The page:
Athletes: Why Breakfast is So Important

No matter what time of the day you work out, a balanced breakfast gives your body energy and nutrients it needs.

No matter what time of the day you work out, a balanced breakfast gives your body energy and nutrients it needs.

Athletes who don’t eat in the morning have all kinds of excuses – no time, no appetite and a dislike of breakfast foods are pretty common ones.

But with the many benefits that a balanced breakfast offers, especially to athletes, it’s a meal that shouldn’t be so casually dismissed.

How a balanced breakfast supports activity

Your carbohydrate stores are low in the morning because your body has tapped into them overnight. This stored energy is used to fuel your basic body functions and to help your body repair itself while you sleep. When you start your activities the next day, your working muscles rely on carbohydrates for energy, and your brain depends on a steady supply, too. Since carbohydrates are your body’s preferred source of energy, it’s important to replenish them.

Protein serves many functions in the body, and athletes know how important protein is in supporting muscle recovery. For optimal muscle repair and growth, it’s best to consume protein at regular intervals throughout the day, which is why it’s important that the morning meal provides some protein. Protein also helps make meals more satisfying.

Small amounts of healthy fats are important, too. Not only does fat serve as an energy source, certain fatty acids are essential – which means your body can’t make them – so they need to come from your diet. Your body uses these essential fatty acids to make, among other things, hormones that play a role in growth, development and recovery.

Typical healthy breakfast foods can supply your body with the nutrients it needs to support activity. A whole-grain fortified cereal with milk and fruit, for example, supplies plenty of carbohydrates for fuel, B vitamins that help convert food into energy, important minerals – like calcium to support bone health and muscle contraction – and protein to support muscle.

Why athletes shouldn’t skip breakfast

Without any food coming in during the night, your blood sugar levels naturally decline as you sleep. As this happens, your body produces cortisol – a hormone that’s released by your adrenal glands that are located on top of your kidneys.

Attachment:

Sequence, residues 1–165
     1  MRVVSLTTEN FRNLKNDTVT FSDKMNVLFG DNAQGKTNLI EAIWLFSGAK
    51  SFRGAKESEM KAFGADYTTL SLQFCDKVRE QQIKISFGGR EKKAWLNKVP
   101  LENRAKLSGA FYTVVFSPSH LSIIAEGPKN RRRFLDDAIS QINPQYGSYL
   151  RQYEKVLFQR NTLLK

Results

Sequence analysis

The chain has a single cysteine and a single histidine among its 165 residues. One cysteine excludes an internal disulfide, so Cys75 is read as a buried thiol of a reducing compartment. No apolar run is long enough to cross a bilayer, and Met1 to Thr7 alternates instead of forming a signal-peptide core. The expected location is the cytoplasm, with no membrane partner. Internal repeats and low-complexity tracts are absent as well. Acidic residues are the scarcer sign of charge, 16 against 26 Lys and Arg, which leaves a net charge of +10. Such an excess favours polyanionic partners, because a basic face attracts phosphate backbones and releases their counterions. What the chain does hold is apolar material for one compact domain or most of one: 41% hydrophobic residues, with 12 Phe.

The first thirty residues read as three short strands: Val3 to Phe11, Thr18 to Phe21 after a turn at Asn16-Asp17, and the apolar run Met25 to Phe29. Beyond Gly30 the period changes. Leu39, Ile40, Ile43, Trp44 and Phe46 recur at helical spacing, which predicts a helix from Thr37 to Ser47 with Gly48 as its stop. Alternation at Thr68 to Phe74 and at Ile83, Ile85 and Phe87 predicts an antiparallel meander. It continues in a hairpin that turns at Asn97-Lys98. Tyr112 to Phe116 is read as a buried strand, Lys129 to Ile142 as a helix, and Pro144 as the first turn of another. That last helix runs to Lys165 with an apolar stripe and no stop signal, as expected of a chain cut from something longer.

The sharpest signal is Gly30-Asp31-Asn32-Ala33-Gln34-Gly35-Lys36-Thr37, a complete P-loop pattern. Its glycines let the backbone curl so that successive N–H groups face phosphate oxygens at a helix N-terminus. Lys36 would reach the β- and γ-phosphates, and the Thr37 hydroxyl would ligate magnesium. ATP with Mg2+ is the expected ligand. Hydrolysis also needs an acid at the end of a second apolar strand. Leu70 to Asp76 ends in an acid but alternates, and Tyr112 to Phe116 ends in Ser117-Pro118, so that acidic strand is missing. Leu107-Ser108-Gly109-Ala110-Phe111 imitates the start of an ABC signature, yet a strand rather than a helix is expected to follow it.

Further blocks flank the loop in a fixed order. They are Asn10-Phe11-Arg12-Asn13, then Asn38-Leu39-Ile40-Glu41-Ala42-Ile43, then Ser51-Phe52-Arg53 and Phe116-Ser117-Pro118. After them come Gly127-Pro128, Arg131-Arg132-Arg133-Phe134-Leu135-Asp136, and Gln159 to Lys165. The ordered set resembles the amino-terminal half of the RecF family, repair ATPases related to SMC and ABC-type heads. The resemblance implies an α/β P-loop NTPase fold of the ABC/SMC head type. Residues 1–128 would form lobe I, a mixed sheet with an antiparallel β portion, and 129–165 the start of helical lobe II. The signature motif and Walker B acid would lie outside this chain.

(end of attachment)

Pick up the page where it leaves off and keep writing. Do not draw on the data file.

One of the functions of cortisol is to help keep blood sugar levels from falling too far. Cortisol does this by stimulating the breakdown of body proteins (including those found in your muscles) into their amino acid building blocks, because amino acids can be converted into glucose to bring blood sugar levels back up. It’s a natural process, and it’s your body’s way of ensuring you have energy when you need it. But it’s important to eat a balanced meal soon after waking to bring your blood sugar levels back up. This can help offset this cortisol response and help protect your muscles.

When you skip breakfast, it can affect how you feel and perform for the whole day. If you usually exercise in the morning, you may not have enough energy to get through your workout if you haven’t eaten. If you work out in the afternoon, skipping breakfast might lead to a larger-than-necessary lunch – and that uncomfortable feeling you get when you exercise with a very full stomach. Another common problem with skipping breakfast is that it’s easy to convince yourself that you can eat larger meals the rest of the day, but that can lead to a vicious cycle. If you wind up eating a huge dinner, you may not be hungry the next morning, and so you skip breakfast, and the cycle continues.

What to eat in the morning

The size of your breakfast is determined, in part, by how soon you’ll be exercising. If you’re headed out within an hour or two of eating, you may not want as much, but you should try to get something easy to digest in your system like a banana, a small serving of yogurt or half a bagel. If you have more time, then you can have a regular breakfast.

 A balanced breakfast contains a good amount of carbohydrates from foods like fruits and grains, and protein from eggs, lean meats, dairy products, protein powders, nut butters or tofu. A bit of healthy fat from nuts, seeds, oils or avocado will help your meal stick with you. A protein shake is great for those who say they don’t have much time, and last night’s leftovers might work well for those who don’t like breakfast foods. If you don’t have much of an appetite in the morning, try breaking your breakfast meal up into two smaller meals – have half in the morning, and the other half as a mid-morning snack.

Here are some balanced breakfast ideas:

  • Oatmeal topped with raisins and nuts; cook oats in milk instead of water, or stir in some yogurt or protein powder for a protein boost
  • Tofu scramble with vegetables
  • Protein shake made with milk, berries and chia seeds
  • Nut butter on whole grain bread with fresh fruit
  • Yogurt topped with fruit and flaxseeds
  • Cottage cheese topped with chopped vegetables and cashews
  • Veggie omelet with low-fat cheese and whole grain toast
  • Wrap made with a whole wheat tortilla, sliced turkey or hard boiled eggs, veggies and avocado

Written by Susan Bowerman, M.S., RD, CSSD, CSOWM, FAND – Senior Director, Worldwide Nutrition Education and Training

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